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NFL Draft Profile – RB J.K. Dobbins

By Doug Orth | 3/31/20 |

J.K. Dobbins

An outside zone scheme would suit Dobbins' speed, vision and explosiveness the best.


College: Ohio State
Height/Weight: 5' 9"/ 209
Hands: 9 1/2”

Important NFL Combine Numbers

40-Yard Dash: DNP
Vertical Jump: DNP
Broad Jump: DNP
20-Yard Shuttle: DNP
3-Cone: DNP

College Production (Stats)

High-end NFL Player Comp(s): Marlon Mack
Low-end NFL Player Comp(s): Bishop Sankey

Best Scheme Fit: Outside zone would suit his speed, vision and explosiveness the best.


  • Hits the hole decisively and delivers the big play as often as any running back in this draft. (0:34, 0:55, 1:11, 1:39, 1:57, 2:45, 4:13, 4:54)

  • Sees the field well (0:40, 2:43, 3:10, 3:20, 6:02), allowing him to cut back and make something out of nothing when the original play breaks down. (1:40, 2:43, 3:20, 7:00, 7:14)

  • Anticipates well and often forces the defender to come up empty, be it behind the line of scrimmage (0:49, 3:20, 6:02, 6:42) or in the open field. (1:08, 5:45, 6:02)

  • Strong stiff-arm (0:05, 1:21, 3:28) only accentuates his ability to run with power and break tackles on a semi-regular basis. (0:00, 0:55, 1:18, 3:28, 3:29, 4:06, 7:14)

  • Regathers quickly after contact due to excellent footwork. (0:19, 1:25, 1:50, 3:39, 5:45)

  • Amassed 71 catches in his college career and should be able to contribute immediately out of the backfield as a receiver. (1:09, 1:22, 2:19, 3:04, 4:37)

  • Did not miss a game in three college seasons and played his best against the best; averaged 27 carries and 174.8 yards rushing (6.5 YPC) in six games against ranked opponents in 2019.

  • Keeps the ball high and tight/prepares for a direct hit on the ball better than most backs (0:34, 4:39, 7:00); committed only five fumbles (four lost) on 725 career touches.


  • Got tripped too easily on too many runs. (0:50, 2:22, 4:30, 6:06)

  • Able to hold his own occasionally as a blocker (0:36, 3:08, 4:47) but he got confused or was outmatched far too often in pass pro. (0:21, 2:44, 3:13, 3:31, 3:41, 4:03)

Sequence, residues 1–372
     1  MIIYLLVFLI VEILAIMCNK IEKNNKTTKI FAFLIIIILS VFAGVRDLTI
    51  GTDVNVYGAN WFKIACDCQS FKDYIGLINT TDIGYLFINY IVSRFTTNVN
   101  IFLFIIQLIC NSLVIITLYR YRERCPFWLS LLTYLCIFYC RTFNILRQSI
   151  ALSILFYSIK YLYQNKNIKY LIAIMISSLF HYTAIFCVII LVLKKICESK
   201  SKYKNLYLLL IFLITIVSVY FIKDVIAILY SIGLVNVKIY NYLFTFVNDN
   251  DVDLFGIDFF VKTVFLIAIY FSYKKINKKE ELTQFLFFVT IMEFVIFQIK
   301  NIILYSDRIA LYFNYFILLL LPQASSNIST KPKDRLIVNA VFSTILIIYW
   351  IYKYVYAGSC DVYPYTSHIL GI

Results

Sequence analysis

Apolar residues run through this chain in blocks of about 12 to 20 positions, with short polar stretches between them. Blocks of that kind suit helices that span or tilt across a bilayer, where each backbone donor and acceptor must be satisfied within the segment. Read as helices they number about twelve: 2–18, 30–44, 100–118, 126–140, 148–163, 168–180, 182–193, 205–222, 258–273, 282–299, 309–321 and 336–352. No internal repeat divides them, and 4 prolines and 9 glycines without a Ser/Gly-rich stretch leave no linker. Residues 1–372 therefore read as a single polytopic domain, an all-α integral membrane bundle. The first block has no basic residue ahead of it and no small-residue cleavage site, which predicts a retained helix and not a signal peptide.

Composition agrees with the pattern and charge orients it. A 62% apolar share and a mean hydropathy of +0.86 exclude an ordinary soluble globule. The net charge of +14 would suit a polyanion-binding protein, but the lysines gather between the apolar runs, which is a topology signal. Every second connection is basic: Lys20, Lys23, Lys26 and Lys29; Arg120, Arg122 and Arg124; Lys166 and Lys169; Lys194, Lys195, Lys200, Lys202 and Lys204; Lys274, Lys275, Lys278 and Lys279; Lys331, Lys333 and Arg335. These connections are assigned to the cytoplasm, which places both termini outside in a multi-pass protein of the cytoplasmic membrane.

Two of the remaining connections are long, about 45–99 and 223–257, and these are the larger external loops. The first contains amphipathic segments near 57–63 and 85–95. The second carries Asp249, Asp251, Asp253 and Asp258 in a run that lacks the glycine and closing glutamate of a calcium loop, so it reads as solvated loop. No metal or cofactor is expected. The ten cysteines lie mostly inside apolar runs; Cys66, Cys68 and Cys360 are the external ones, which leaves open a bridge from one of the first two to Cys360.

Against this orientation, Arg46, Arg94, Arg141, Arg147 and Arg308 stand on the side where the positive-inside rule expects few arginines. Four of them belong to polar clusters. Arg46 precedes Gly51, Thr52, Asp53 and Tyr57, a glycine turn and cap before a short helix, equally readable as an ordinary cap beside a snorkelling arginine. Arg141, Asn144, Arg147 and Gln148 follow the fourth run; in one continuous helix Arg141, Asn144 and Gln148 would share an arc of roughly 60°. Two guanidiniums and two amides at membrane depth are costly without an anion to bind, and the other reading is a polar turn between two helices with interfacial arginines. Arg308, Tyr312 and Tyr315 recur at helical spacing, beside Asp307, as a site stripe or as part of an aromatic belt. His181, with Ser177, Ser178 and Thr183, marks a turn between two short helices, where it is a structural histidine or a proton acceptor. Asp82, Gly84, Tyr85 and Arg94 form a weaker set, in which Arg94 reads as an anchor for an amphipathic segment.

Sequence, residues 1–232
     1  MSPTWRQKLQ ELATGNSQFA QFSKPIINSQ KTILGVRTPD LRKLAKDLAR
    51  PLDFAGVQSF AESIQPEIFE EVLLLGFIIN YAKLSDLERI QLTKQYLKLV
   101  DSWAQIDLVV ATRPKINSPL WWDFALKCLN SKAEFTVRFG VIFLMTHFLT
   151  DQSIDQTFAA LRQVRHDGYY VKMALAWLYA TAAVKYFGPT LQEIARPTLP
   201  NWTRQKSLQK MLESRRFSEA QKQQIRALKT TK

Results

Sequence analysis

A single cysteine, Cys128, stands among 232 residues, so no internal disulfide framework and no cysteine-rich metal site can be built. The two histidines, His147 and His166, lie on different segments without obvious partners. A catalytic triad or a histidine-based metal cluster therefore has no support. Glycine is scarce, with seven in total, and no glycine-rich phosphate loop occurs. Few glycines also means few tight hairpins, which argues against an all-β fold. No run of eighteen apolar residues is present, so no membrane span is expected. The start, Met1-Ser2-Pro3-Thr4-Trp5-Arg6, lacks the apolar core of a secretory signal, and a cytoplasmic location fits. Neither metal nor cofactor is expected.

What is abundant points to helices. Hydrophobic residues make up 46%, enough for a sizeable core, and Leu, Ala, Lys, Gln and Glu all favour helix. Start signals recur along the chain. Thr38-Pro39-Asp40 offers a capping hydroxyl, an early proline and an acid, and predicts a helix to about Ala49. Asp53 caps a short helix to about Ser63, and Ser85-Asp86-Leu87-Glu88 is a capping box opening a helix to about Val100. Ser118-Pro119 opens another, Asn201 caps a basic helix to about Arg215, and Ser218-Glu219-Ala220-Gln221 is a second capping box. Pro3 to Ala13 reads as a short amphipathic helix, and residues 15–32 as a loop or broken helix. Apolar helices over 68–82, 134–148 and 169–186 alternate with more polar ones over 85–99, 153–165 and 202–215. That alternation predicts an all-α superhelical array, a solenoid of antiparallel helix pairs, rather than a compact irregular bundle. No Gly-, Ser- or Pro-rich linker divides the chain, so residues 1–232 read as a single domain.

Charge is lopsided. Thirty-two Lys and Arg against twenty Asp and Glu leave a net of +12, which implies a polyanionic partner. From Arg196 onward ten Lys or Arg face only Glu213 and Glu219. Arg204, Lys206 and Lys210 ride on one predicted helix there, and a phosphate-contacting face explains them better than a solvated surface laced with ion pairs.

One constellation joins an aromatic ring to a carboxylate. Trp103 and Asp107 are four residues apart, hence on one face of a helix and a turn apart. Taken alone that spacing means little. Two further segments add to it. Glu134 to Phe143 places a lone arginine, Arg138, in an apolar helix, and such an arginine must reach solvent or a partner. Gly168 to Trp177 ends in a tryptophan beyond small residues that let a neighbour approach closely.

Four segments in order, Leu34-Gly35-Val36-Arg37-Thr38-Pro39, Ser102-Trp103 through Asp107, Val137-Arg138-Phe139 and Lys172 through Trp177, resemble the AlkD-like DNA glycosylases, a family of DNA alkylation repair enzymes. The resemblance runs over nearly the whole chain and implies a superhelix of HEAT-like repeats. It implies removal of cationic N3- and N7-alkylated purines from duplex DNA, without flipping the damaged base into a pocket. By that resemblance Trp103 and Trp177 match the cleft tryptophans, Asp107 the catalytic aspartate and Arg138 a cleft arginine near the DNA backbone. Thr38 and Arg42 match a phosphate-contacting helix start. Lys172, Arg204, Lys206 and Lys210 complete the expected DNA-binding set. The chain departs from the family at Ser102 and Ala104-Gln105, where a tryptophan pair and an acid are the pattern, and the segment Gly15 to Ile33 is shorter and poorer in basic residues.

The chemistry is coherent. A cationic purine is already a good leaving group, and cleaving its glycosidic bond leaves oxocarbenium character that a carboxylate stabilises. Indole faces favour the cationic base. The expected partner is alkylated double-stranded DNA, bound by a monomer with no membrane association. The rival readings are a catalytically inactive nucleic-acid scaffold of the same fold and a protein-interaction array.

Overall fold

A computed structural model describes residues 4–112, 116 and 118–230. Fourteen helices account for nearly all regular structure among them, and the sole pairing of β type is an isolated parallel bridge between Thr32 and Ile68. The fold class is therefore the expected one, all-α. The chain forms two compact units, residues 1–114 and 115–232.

• Concentration drops a bit of a minor issue. (1:35, 2:39)

  • Worked the angle route well (1:09, 1:22), but he wasn't asked to run an expansive route tree and has room to grow in terms of doing so crisply.

  • Forced 73 missed tackles in all in 2019, but broke only seven tackles on 71 catches in his college career, per Pro Football Focus.

Bottom Line

Dobbins did not work out at the NFL Combine due in part to a high ankle sprain suffered in his final college game, but he gave evaluators a glimpse of his raw athleticism in 2016 when he ran a 4.45 in the 40, a 4.09-second short shuttle and posted a 43-inch vertical jump at a Nike-sponsored event in Oregon. Those numbers carried over to the field, as his explosiveness shows up on his tape more often than perhaps any other trait he brings to the table. To that end, the Texas native led all draft-eligible running backs with 31 carries of 15-plus yards in 2019, per PFF.

For all the upside Dobbins possesses and the gaudy numbers he produced in college, he is not an easy projection to the next level. First, there is the multilayered issue of Ohio State boasting substantially more NFL talent than most of its opposition most weeks and its offensive scheme creating more space for a high-level athlete like Dobbins than most college backs get. In short, while Dobbins did well to anticipate where holes were about to form on many of his runs, he also ran through his fair share of alleys that most good high-school running backs could exploit. Beyond that, he was manhandled too many times as a blocker in 2019, which would almost certainly keep him from becoming a featured back early in his career if it continued in the NFL. For whatever reason, Dobbins improved significantly in this area as the season came to a close.

Dobbins is a bit of a walking contrast. He is a big play waiting to happen on just about every touch, but there are too many times where he doesn't pull away from defenders. He runs with power and flashes the ability to break tackles consistently, but he also gets stopped dead in his tracks too often on inside runs. He is a capable receiver, but it was hard to watch him in pass protection until the final few games of 2019. There's no question he has the goods to be a three-down back in the NFL, but the aforementioned dichotomies raise enough concerns about consistency that he should probably be drafted as the explosive change-of-pace back in a committee. If his play in the final few games can quiet concerns about his issues in pass pro for evaluators and he can quickly pick up where he left off in that regard, then he has as good of a chance to be the most productive at his position in this class as any back. Also, while scheme fit is important for most running backs, it may be more important for Dobbins than most. It's not that he can't run in between the tackles, but rather his ability to create space and accelerate quickly would be wasted to some degree.

Doug Orth has written for FF Today since 2006 and been featured in USA Today’s Fantasy Football Preview magazine since 2010. He hosted USA Today’s hour-long, pre-kickoff fantasy football internet chat every Sunday in 2012-13 and appears as a guest analyst on a number of national sports radio shows, including Sirius XM’s “Fantasy Drive”. Doug is also a member of the Fantasy Sports Writers Association.